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Recruiters Catch West Covina Defensive Star Off Guard

November 06, 1986|MITCH POLIN | Times Staff Writer

It is not as if Tom Lassalette didn't deserve to be noticed by college recruiters after his junior year at West Covina High.

Lassalette, the only junior starter on a talent-rich Spartan football team (7-3), had an impressive year as a defensive end and was named to the All-Sierra League team.

But even the 17-year-old Lassalette admits he was taken aback by the attention he received before the start of this season.

He was named to super scout Max Emfinger's National High School Football Recruiting Service preseason team. Then it was the Street & Smith magazine All-American squad, followed by the Herald-Examiner's Super 11.

Not to mention the comments of Fallbrook-based Dick Lascola of the Scouting Evaluation Assn., who called him one of the top 12 defensive prospects in the nation.

'Really Surprised Me'

"It really surprised me," Lassalette said. "I thought I was just another player. I didn't think I did anything to stand out over anyone. I was looking more at the team and trying to help us win."

At 6-4 and 235 pounds, Lassalette is not just another player. Ask his coach, Tim Brancheau.

"He's an outstanding athlete, a good student, he has a good home-life and he's a good person," Brancheau said. "He has all the important characteristics to sustain greatness. The ordinary high school football player just doesn't have it."

Lassalette, an outstanding first baseman who batted .438 for the Spartans last year, also plays tight end. But it is his play at defensive end that has caught the eye of most college scouts, who have made him one of the most heavily recruited players in Southern California.

"I think his physical strength and size are two of his biggest pluses, along with his intellect," Brancheau said. "He's very smart and he knows where to be at the right time. Technically, he's a very sound player."

Surprised to Be Playing

Lassalette received only a sprinkling of letters from recruiters as a junior, but that was understandable. As the only junior starter, he was happy just to be playing.

"Before my junior year, I didn't even think I was going to play. I just gave it my best shot, kept working at it and got the opportunity. I couldn't afford to slack off at practice because there was always somebody waiting to take my spot."

"He started at defensive end as a junior, and that's unusual for our program because we use mostly seniors," Brancheau said. "He was the only junior to play a down for us last year."

But last summer the recruiting letters began to pile up and the phone calls poured in.

"Half of them I just look at and put back in the stack," he said. "I got so many, I've lost count.

"It was a distraction at first because people (scouts) would say things to you when you were out at practice. But I have tried to put it all out of my mind."

Easier said than done.

Taunted by Opponents

Lassalette says opponents have tried to distract him with taunts.

"I don't think anyone really means it when they say it," Lassalette said. "It annoys you when your opponent says things to you during a game, but I've learned to live with it. The first time someone said something it got me mad, but since then I just say 'who cares' and ignore them."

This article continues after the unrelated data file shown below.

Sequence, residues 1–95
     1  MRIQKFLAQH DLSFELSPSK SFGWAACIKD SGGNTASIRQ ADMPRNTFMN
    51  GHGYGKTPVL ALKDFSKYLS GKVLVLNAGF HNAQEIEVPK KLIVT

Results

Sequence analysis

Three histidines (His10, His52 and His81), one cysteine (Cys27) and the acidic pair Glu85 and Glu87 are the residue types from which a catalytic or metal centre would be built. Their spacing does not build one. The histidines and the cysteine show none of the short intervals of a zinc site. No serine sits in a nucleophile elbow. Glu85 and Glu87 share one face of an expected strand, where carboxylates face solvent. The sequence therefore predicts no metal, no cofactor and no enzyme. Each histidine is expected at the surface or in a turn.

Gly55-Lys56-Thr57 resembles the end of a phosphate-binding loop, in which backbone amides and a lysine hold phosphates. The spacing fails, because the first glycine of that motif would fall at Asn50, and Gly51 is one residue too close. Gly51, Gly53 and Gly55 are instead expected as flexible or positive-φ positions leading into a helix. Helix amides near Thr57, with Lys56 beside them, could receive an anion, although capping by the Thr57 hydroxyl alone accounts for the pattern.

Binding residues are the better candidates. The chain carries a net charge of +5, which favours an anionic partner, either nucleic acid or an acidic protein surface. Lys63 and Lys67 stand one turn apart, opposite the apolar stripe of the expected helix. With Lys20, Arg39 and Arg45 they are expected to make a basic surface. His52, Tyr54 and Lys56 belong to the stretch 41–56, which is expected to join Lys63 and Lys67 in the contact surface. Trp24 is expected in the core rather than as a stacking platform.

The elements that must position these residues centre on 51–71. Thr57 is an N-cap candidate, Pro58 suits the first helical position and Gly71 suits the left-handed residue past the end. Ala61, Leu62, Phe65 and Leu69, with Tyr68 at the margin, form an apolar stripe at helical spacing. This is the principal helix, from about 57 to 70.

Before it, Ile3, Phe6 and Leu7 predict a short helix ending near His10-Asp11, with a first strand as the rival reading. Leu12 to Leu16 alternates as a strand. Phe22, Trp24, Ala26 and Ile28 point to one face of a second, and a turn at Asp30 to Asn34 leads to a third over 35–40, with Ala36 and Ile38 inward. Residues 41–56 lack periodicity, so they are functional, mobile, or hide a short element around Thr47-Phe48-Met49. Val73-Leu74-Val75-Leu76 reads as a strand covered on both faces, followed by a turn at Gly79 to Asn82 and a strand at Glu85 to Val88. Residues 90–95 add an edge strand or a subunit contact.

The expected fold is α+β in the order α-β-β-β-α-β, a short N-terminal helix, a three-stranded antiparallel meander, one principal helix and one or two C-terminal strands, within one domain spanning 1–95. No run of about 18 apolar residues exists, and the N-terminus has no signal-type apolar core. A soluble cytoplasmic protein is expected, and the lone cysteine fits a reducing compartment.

He has also learned to deal with being double-teamed by offensive linemen. "I don't really worry about it anymore. I just go out and play."

With all of the attention, you might expect him to have a swelled head.

Hardly the case. Lassalette is quick to divert the attention to teammates, coaches and family.

"You don't want to push it too much," he said. "You can't walk out on the field and act like you're God. I want to play more for the team than I do for myself.

"We don't have any quitters on this team. So I don't think I have to be any more of a leader than anyone else. I just have to do my job."

'He's a Leader'

Maybe, but Brancheau said the quiet, easygoing lineman is a model for his teammates.

"He's a leader but he's not a rah-rah type," Brancheau said. "He's not the outgoing type of leader but the guys really look up to him. He leads by example."

Brancheau said a big factor in Lassalette's success is his family, which has a strong athletic background. Lassalette's father, Mike, is athletic director at Edgewood High in West Covina and a former football player at Cal Poly Pomona. Tom's older brother, John, is an offensive lineman at UC Santa Barbara and starred as a prep for the Spartans.

"He comes from a very disciplined home," Brancheau said. "His father is an athletic director and a good coach and his brother played here."

If Lassalette has a weakness, it may be lack of speed. He runs the 40-yard dash in about 4.8 seconds--not the fastest for a defensive end or linebacker, but Brancheau says Lassalette's average speed is offset by other skills.

Quick off Snap

"Speed is all relative," he said. "For a lineman, the first 10 yards are most important and he has great reactions off the ball. When the ball is snapped he's pretty quick."

Lassalette also realizes he will have to improve his strength.

"I can't really get motivated for lifting weights as much as I should," he said. "After the season, I'll try to lift a little more."

Added Brancheau: "He's strong already without doing much work at it. God only knows how strong he'll be if he works at it.

"Don't forget, he's just a young boy. His speed, intensity and strength are all things that will come in time."

That's what college recruiters are banking on.

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